The contribution of feminism to sociology is substantial, and should not be understated. By challenging the androcentrism of traditional enquiry , for instance, the perspective brings to the fore the voices of 50% of the population who were previously unheard. The new topics raised by feminist researchers are also extremely important - and have become a central concern of academic sociology.
Furthemore, the methodological arguments put forward by feminists have been very influential. Whilst these approaches initially focused on research with women, awareness of the power-relationships between researched and researcher has influenced research on a much broader level. Many projects, particularly those involving marginalised groups (beyond those conducted directly by feminists), have therefore attempted to introduce an element of collaboration - and have an underlying sensitivity to the nature of power in the research environment.
However, as with any perspective, feminism has been criticised. Firstly, the schisms within the school result in a great deal of internal cricisism . Radical feminists, for instance, are critical of Liberals for “propping up” the existing patriarchal system by attempting to work with in it. In turn, Marxist feminists criticise Radicals for turning women against men, thus ensuring that the proletariat are split, preventing revolution - and so on.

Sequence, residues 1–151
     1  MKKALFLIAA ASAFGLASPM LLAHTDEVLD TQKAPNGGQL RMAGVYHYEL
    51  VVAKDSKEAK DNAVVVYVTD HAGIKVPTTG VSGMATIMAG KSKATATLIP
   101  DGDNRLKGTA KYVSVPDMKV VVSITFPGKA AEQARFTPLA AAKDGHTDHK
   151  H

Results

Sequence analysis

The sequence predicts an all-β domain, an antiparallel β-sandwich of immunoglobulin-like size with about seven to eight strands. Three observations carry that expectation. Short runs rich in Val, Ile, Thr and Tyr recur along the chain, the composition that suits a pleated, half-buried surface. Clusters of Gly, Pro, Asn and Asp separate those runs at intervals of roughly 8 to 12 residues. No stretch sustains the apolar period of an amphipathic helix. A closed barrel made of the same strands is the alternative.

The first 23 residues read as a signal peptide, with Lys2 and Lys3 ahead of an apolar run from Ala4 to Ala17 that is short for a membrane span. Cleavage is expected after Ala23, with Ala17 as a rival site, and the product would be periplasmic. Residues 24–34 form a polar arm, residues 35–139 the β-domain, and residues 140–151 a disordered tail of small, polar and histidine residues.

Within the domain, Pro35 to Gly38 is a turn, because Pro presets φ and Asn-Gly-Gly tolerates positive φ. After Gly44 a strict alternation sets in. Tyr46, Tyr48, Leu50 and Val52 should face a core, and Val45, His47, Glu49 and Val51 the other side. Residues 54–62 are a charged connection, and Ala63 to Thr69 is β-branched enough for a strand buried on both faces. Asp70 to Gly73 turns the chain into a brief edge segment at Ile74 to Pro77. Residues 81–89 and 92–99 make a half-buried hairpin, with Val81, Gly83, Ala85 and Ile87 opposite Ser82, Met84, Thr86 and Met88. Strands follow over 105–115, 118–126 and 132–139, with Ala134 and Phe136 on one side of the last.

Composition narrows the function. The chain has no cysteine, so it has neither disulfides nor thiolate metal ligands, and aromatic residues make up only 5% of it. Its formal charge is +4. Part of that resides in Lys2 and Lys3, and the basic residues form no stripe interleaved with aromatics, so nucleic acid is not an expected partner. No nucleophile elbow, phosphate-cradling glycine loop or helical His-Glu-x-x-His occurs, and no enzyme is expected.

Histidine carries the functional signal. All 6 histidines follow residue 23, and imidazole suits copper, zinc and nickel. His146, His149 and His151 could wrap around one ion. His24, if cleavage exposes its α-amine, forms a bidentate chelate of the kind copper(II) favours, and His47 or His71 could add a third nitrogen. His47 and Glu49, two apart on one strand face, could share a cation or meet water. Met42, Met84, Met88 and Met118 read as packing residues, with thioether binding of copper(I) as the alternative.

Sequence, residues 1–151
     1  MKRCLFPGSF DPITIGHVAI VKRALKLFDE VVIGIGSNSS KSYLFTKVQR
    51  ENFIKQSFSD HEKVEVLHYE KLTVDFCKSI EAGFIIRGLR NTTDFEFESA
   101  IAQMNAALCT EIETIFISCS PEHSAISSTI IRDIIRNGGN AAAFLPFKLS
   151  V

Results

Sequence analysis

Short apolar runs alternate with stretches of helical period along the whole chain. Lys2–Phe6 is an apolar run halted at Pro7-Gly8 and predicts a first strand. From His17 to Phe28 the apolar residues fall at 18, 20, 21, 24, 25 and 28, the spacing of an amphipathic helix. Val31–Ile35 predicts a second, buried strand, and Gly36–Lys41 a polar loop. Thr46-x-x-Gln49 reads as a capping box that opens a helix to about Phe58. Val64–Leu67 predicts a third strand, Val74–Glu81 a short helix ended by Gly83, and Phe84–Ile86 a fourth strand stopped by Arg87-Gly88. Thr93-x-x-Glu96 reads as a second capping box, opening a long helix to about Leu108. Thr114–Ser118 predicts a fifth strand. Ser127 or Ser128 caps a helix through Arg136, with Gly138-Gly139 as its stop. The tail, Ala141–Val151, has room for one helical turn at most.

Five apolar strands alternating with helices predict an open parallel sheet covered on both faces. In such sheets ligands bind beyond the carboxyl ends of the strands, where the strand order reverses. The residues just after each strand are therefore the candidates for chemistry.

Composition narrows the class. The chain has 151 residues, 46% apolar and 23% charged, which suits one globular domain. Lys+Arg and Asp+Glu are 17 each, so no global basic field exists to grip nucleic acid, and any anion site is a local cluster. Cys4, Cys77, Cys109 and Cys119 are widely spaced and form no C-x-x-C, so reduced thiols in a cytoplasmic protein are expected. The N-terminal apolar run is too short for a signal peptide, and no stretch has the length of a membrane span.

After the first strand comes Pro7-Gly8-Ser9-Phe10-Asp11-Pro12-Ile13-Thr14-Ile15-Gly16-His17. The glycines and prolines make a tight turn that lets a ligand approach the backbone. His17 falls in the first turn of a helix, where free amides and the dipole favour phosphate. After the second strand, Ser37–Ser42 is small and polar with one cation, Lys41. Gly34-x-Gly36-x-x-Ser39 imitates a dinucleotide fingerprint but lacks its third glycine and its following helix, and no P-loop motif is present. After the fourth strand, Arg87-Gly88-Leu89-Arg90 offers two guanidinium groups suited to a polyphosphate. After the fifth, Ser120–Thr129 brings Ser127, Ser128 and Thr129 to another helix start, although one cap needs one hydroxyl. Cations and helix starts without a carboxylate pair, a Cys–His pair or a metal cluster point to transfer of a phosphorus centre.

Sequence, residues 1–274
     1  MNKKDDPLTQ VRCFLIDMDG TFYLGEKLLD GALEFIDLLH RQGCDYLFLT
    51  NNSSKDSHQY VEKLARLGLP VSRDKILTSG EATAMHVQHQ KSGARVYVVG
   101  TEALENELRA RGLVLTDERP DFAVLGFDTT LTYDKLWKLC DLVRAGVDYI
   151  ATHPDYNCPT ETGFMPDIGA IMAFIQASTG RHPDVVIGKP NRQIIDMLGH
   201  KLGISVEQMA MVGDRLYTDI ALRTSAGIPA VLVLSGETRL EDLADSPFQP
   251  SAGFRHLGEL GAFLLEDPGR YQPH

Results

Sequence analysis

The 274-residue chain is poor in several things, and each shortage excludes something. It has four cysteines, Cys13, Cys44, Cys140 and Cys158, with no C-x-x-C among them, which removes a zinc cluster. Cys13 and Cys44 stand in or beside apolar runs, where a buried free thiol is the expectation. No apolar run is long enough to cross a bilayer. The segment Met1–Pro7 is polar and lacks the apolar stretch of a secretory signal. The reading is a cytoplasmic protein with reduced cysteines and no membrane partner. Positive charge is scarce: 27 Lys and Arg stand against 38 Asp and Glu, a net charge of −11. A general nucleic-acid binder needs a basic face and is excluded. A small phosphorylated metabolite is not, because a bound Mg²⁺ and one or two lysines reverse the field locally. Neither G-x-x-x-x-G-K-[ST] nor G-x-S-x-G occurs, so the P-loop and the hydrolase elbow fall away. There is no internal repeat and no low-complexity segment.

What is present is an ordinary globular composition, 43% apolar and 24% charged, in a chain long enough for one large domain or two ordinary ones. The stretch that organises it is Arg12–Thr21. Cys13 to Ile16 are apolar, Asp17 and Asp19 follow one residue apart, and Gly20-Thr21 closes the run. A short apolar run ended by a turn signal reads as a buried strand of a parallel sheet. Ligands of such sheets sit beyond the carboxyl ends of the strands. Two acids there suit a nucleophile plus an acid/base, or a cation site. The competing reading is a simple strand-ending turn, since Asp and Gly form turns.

Furthermore, much of the early feminist work reflected the concerns of white middle-class women , at the expense of other groups (how, for instance, is the “glass ceiling” a concern of working-class women?). Consequently, some have criticised feminism for creating what Derrida would call a violent hierarchy , in which women are made to feel guilty for playing the house-wife and mother roles. It should - however - be noted that the later development of dual-systems and postmodern feminism have begun to partly address this problem.
It has also been argued that, in focusing entirely on women, feminism has been far from even handed. It could be argued that - for any organic change in society occur - it is not just the nature of women’s roles which must change, but also those of men.
Again, it should be noted that the emergence of gender-studies has partly addressed this problem - and researchers have begun to explore masculine identities (see box below) as a substantive topic of sociological research.